“Upsher-Smith has developed and delivered crucial therapies to patients, from infants to the elderly, with a broad array of on-market generic pharmaceuticals. We have also built a pipeline that will enable even more patients to get life-changing therapies over the next several years. After owning and operating Upsher-Smith for the past 47 years, my family and I made the decision to sell the largest part of our company, the generic pharmaceuticals business, to Sawai,” said Mark Evenstad, CEO. “It was extremely important for us to find a buyer that shared Upsher-Smith’s values, was completely committed to its long-term success and was looking for a strong and fully operational U.S. platform for growth. Sawai is a compelling strategic fit and we are delighted that the generics business is poised to benefit from the extensive resources and management focus that Sawai will bring.”
No changes to Upsher-Smith’s operations are currently anticipated, and under the leadership of Field, the current management team will continue to lead Upsher-Smith from its current headquarters in Minneapolis.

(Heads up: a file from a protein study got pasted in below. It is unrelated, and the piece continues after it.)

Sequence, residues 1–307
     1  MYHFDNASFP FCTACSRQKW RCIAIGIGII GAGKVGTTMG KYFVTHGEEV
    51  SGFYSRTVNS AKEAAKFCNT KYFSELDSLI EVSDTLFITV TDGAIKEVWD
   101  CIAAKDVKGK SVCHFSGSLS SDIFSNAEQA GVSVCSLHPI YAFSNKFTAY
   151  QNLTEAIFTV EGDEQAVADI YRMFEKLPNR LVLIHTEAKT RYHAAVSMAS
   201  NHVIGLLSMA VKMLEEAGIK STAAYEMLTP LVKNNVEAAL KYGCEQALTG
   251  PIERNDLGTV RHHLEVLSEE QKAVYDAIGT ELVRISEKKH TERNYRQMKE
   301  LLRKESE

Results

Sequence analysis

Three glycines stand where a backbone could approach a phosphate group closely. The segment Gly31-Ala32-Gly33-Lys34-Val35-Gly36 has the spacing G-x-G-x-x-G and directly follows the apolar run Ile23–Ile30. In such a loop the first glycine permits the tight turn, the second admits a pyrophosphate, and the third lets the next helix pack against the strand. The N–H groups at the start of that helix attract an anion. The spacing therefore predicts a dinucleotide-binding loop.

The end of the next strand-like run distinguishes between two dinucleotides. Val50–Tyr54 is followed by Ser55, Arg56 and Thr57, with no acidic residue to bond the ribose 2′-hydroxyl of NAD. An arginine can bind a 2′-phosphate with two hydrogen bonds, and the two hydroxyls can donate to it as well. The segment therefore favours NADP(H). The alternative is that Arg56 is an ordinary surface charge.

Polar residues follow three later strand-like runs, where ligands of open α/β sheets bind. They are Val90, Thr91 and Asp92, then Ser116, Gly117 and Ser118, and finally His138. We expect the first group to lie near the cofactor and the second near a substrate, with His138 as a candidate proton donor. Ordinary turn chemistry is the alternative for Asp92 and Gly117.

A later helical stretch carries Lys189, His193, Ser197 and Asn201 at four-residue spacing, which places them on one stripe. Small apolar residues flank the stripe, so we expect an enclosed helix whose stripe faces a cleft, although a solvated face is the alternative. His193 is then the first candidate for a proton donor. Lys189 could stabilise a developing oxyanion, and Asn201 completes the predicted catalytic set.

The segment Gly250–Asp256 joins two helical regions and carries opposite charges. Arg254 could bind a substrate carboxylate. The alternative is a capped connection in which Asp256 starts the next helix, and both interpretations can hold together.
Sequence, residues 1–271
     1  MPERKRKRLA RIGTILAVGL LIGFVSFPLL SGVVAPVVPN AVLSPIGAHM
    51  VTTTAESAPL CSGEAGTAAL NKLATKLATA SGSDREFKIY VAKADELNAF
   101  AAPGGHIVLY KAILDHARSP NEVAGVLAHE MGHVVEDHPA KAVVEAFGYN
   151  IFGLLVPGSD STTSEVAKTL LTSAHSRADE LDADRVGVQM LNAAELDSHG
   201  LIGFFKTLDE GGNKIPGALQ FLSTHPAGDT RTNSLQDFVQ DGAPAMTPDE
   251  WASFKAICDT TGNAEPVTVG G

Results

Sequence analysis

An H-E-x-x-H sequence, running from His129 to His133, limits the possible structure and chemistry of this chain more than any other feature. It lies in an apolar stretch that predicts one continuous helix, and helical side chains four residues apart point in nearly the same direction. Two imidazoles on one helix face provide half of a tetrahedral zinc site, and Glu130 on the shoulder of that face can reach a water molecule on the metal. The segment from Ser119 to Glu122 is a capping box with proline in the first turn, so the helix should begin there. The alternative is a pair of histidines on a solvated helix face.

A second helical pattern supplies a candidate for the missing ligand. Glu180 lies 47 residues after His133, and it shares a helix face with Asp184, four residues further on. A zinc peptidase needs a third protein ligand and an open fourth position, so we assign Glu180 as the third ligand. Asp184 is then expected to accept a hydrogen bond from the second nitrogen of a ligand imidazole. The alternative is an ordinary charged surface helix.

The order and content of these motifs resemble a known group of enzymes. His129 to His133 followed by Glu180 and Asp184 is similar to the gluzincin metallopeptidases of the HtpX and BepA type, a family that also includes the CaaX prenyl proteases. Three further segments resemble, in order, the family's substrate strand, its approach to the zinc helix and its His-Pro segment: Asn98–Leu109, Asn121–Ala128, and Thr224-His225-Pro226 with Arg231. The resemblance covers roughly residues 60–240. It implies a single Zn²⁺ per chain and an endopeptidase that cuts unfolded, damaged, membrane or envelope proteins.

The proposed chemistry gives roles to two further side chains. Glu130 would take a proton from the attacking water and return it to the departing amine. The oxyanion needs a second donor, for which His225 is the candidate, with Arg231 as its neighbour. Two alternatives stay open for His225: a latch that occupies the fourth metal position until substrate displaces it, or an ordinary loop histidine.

“We are delighted to sign this agreement today with Acova to acquire Upsher-Smith, which is our first overseas investment. Upsher-Smith, like Sawai, has a long history as a private family-owned generic pharmaceuticals company that is also focused on patient needs, centered on our philosophy of “Patients First.” We look forward to working closely with Rusty and the talented management team to forge a new global chapter in Upsher-Smith’s future together. Most importantly, we are committed to the entire team at Upsher-Smith, and to expanding the opportunities for the U.S. workforce at Upsher-Smith,” said Sawai President Mitsuo Sawai.
Kalorama outlines 5 reasons why retail clinics will change the face of health care
ROCKVILLE, Md. — By their very existence, retail clinics could threaten and/or complement at least six parts of the healthcare system, according to a report from Kalorama Information published Thursday, which placed the number of retail clinics at 2,200 across the U.S. According to the report, the oftentimes one-person operations have had a direct impact on hospitals, doctor's offices, government and private insurance payers, vaccine companies, in vitro diagnostic companies and healthcare IT companies.